I spent most of the past week with the most frustrating cold. Because I had a fever, my work literally ordered me home for half the week which could sound awesome, but I was in a weird state of not-sick-enough to sleep all day, but also too fuzzy headed and fatigued to do much. As a result, I spent chunks of time sketching out ideas for the game, but every time I tried to compose sentences it was so excruciating I gave up. I can compensate for my dyslexia on a good day, but when I'm tried/sick, my language skills are the first thing to vanish.
With all of my sick days, I picked up video games I had given up on years ago: Hearthstone, Path of Exile, and Mirror's Edge: Catalyst. I found out (by having an excess amount of hours with nothing else I could do) that Hearthstone and PoE both get amazing once you stick with them through the initial learning curve.
Not so with ME: Catalyst. Despite my disappointment with the game, it helped me crystallize some design ideas for Karma.
I kept playing ME: Catalyst because moments reminded me of my love for the original, with its unique combo of endless runner + jump puzzles + cyberpunk aesthetic. But the more I played, the more the flaws became clear. The game was trying to do too many things at once. They had the same core parkour mechanics as the first, but rather than pushing those to the fullest, they threw in collection questions, timed runs, forced combat with multiple enemy types, a skill tree, user generated content, etc. I hated the new runner's vision, but since this game overburdened the landscape with colors and details (in stark contrast to the elegant simplicity of the original) I found that I required the full runner's vision at certain parts. In making everything flashier, they seemed to lose sight of the fact the original design brilliantly hinted you through the levels without making it as simple-minded as "follow the red line" like the runner vision in this game.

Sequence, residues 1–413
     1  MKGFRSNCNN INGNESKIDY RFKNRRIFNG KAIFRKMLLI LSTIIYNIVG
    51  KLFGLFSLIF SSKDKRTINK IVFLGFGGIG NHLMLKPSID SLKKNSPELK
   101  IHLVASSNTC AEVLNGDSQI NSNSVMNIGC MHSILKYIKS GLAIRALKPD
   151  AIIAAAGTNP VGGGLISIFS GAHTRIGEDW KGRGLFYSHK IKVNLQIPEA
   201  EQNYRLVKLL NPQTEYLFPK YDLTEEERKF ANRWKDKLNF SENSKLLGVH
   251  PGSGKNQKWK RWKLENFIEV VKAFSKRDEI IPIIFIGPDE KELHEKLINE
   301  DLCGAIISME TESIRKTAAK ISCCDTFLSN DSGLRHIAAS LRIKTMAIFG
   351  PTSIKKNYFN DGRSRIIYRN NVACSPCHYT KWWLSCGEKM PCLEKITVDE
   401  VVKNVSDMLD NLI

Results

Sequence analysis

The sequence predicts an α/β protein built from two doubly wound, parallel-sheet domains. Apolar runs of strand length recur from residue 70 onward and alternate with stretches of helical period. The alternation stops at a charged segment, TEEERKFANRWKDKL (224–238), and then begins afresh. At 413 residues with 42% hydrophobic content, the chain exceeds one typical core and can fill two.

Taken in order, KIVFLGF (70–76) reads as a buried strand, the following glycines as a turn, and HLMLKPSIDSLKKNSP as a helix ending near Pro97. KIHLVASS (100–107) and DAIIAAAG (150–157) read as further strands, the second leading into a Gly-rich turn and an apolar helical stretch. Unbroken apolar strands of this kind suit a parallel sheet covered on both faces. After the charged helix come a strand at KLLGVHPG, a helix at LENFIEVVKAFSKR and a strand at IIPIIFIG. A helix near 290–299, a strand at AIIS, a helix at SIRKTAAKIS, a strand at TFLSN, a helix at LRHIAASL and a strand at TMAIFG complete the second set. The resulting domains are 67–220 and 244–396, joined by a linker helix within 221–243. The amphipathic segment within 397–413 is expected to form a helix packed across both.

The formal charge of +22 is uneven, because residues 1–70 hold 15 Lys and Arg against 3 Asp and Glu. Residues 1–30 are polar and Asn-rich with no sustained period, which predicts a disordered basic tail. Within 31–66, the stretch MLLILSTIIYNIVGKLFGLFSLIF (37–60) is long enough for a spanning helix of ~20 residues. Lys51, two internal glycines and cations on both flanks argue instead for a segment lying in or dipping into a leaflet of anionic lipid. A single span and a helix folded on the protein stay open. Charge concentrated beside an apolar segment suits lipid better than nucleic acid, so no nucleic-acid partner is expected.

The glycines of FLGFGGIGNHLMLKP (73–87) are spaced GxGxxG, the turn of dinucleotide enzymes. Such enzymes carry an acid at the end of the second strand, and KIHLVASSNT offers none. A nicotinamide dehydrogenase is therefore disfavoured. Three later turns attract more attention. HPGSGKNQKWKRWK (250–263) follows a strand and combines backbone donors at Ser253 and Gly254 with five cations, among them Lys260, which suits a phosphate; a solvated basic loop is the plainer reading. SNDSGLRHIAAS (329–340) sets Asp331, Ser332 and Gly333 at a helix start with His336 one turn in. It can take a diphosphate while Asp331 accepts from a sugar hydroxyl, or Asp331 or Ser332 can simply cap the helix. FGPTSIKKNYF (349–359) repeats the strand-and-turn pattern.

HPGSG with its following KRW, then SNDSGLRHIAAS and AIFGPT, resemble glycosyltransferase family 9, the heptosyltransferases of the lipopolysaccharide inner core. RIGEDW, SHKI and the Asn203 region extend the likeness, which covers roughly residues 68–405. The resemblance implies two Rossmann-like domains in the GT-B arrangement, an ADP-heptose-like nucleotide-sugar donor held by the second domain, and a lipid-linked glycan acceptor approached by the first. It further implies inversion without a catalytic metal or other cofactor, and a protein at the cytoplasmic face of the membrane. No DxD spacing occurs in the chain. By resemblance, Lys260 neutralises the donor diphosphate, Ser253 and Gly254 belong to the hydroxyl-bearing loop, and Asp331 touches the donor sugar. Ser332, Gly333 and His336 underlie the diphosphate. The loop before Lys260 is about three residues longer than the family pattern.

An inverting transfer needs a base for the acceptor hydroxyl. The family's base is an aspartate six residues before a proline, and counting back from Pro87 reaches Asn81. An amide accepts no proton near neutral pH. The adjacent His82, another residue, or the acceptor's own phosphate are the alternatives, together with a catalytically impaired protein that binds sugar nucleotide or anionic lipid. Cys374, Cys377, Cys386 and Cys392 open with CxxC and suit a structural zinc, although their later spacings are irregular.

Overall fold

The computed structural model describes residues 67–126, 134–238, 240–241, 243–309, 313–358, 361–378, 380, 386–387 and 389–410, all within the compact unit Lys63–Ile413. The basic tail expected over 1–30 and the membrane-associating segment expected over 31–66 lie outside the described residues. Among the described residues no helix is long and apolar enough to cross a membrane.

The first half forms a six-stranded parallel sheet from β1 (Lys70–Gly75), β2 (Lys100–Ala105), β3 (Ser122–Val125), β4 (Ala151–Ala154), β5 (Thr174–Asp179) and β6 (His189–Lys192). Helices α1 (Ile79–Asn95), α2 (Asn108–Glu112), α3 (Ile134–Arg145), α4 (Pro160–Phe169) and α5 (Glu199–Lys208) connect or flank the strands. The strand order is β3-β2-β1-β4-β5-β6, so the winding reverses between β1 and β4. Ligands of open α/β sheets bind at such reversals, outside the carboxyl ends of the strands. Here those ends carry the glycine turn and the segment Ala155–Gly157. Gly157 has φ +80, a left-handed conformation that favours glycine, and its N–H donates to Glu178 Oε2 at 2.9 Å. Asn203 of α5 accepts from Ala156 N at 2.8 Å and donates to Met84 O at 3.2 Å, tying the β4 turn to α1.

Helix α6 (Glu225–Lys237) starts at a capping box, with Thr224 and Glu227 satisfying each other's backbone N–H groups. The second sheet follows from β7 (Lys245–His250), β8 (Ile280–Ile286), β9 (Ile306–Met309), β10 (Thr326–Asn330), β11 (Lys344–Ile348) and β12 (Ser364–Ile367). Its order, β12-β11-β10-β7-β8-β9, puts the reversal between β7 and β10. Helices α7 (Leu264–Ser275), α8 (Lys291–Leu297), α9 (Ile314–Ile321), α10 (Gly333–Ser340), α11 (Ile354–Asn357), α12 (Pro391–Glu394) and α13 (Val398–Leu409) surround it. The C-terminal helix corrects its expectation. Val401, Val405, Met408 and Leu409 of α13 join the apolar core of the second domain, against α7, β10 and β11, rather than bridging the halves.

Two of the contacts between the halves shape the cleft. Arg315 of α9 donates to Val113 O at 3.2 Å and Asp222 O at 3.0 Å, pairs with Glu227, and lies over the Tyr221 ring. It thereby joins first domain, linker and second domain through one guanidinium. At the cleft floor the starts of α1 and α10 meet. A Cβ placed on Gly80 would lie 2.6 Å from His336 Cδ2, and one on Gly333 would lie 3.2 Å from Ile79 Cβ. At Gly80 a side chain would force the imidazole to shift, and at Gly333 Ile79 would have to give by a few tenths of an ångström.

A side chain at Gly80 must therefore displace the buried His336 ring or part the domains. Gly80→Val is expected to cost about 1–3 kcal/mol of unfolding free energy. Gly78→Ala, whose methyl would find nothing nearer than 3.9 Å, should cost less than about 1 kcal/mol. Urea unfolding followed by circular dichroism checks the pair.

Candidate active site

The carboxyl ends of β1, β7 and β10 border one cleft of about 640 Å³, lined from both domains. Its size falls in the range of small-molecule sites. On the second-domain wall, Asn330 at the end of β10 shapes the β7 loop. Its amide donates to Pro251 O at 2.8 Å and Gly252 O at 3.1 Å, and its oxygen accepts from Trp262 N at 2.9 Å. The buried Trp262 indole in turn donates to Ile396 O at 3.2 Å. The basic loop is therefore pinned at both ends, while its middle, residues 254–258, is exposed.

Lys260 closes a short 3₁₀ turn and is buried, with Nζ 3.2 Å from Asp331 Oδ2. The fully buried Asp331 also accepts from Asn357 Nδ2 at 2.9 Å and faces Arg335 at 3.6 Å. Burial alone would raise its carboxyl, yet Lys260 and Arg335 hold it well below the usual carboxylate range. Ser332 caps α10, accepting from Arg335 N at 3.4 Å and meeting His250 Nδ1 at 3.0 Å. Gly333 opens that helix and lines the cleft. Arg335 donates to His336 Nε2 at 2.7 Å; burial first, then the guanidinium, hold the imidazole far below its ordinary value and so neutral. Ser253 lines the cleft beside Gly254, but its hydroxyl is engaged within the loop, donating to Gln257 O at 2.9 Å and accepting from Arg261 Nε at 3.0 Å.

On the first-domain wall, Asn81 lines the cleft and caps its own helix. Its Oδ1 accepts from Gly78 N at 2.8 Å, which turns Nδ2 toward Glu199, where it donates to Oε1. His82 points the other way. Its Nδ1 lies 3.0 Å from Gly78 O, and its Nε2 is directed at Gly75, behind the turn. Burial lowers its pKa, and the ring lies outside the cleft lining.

I walked away from ME: Catalyst thinking, "The designers didn't know what made their game fun. All of the new additions distracted from the core mechanics of the game, rather than enhancing them."
And THAT is the wall I have been beating my head against for the past five months with the next version of Karma. I know there is a core, fun element to the game. I also know I want to create a different experience than Blades, which means changing the core mechanics and making sure all of the peripheral mechanics enhance that new core, rather than act like disjointed noise.
I have spiraled around this question countless times: What is the premise of the game? What is the core experience? What is most fun?
With that comes the question: What is the reward cycle?
Walking my dog today, I finally realized the missing piece: there needs to be an endgame. The reward cycle needs to be moving you towards something in order to feel meaningful, and that means having a set end goal. In Blades, the goal is to become the biggest, baddest criminal empire. In Karma your team can never grow bigger than a corporation . . . you can never fundamentally change the world . . . but what if you could?
I need to plan out the details before I reveal more, but I think this is the end goal: to become a faction. In Blades you start as a low tier faction and work your way up; in the cyberpunk world, once you become a part of the system, the game is over.